Hey there, time traveller!
This article was published 12/1/2010 (3567 days ago), so information in it may no longer be current.
Having wrested that dangerous and anti-democratic precedent from Gov. Gen. Michaëlle Jean a year ago, Harper felt free this December to simply phone her to demand prorogation just to avoid the embarrassment of having to produce papers and submit to questions over the torture of Afghan detainees.
Only one other prime minister in Canadian history was granted prorogation to shut down a parliamentary inquiry. That prime minister was Sir John A. Macdonald in 1873, 137 years ago. Macdonald wanted to snuff out the shame of his government's acceptance of bribes in the building of the Canadian Pacific Railway. Gov. Gen. Lord Dufferin granted Macdonald a summer prorogation. When Parliament returned, Macdonald was censured and forced to resign. The opposition Liberals under Alexander Mackenzie won the subsequent election.
Conservatives are claiming a parallel in former prime minister Jean Chrétien's decision to prorogue Parliament Nov. 13, 2003, saying it also was done to avoid embarrassment from auditor general Sheila Fraser's report on the sponsorship scandal. There were other factors at play, however. The Liberals had a big majority, not a minority, the investigation was finished, not underway and Chrétien was retiring to be replaced by Paul Martin. Chrétien told reporters that when Parliament returned Jan. 13, 2004, "there will be a new cabinet and I will not be a minister."
In the 2008 constitutional crisis, pundits dubbed Canada "a banana republic with snowflakes" and the actions of the Governor General and the prime minister "our Robert Mugabe moment."
This year, the reviews are more scathing — and they and the behaviour prompting them are corroding and debasing Canada's international image. Yesterday, Harper even went so far as to claim Parliament was giving Canada an image of instability and it wasn't a bad thing that it was suspended until March.
Under the headline Parliamentary scrutiny may be tedious, but democracies cannot afford to dispense with it, the respected centre-right British magazine The Economist, noted Harper's "ruthless streak" and said his move "looks like naked self-interest." The magazine also cited other indications of Harper's cavalier attitude toward democratic practice.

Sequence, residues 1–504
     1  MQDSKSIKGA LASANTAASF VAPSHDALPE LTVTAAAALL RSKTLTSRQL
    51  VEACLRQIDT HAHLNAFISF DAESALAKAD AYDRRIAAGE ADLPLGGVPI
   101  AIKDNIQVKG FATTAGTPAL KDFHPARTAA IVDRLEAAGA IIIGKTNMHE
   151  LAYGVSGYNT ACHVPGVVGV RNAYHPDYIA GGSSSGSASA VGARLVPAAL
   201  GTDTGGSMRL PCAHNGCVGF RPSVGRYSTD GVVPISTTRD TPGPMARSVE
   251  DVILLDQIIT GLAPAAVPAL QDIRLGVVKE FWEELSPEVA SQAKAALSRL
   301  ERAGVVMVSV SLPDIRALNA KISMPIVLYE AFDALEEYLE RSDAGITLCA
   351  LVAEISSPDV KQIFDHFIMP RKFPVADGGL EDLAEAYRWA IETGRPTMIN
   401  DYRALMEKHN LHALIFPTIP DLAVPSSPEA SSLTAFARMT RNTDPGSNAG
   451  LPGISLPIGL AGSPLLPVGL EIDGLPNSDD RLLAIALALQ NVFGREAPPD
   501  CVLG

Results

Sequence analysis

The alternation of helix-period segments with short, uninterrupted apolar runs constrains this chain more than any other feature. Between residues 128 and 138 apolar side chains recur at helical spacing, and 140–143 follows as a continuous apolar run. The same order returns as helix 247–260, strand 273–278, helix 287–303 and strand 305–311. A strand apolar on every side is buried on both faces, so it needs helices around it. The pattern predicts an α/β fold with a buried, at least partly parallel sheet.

"He bars most ministers from talking to the media; he has axed some independent watchdogs; he has binned campaign promises to make government more open and accountable. Now he is subjecting Parliament to prime ministerial whim."
John Ibbitson, Ottawa bureau chief for The Globe and Mail, canvassed the world's other parliamentary systems crafted on the Westminster model and concluded that "our Parliament has become the most dysfunctional in the English-speaking world, weaker and more irrelevant than the U.S. Congress or the parliaments of Britain, Australia or New Zealand."
Writing last Friday under the headline, Few countries can claim such a pathetic Parliament, Ibbitson continues: "If Britain is the mother of parliaments, her Canadian daughter is a fallen woman. Government MPs are cowed; parliamentary committees are too often irrelevant."
No other parliament would tolerate the treatment the Harperites are dealing out to Canada's. One reason is that the party systems in other Commonwealth countries give more power to individual MPs. In Australia and Britain, MPs hire and fire their party leaders; New Zealand's proportional representation electoral system forces coalition-building; and Australia's parliamentary lexicon doesn't even include the word prorogation.
While governments everywhere are determined to control the agenda, Ibbitson concludes, "at least other prime ministers haven't got it into their heads that they can shut down their legislatures on a whim."
The greatest parliamentary scandal of all is that Harper is emboldened to arrogate dictatorial power unto himself simply because he can; because his centre-left opposition is utterly and enduringly fractured and his main opponent, Liberal Leader Michael Ignatieff, is politically inept.
Journalist and historian Paul Adams says the Liberals have not put anything in their policy window for well over a year. "It's a scandal, really. We've had no meaningful debate on the management of the economy, no meaningful debate on the environment, no meaningful debate on Afghanistan." And the Liberals have let go of an issue, adequate pensions and retirement security, they once owned, just when it is moving to the top of the political agenda.
Parliamentary prorogation arises from the mists of British history, when the sovereign enjoyed absolute power to command parliament to convene and to disburse. It's not surprising that an authoritarian like Harper, facing no real threat, feels equally entitled and empowered.
All that's missing are the ermine and purple.
Frances Russell is a Winnipeg author and political commentator.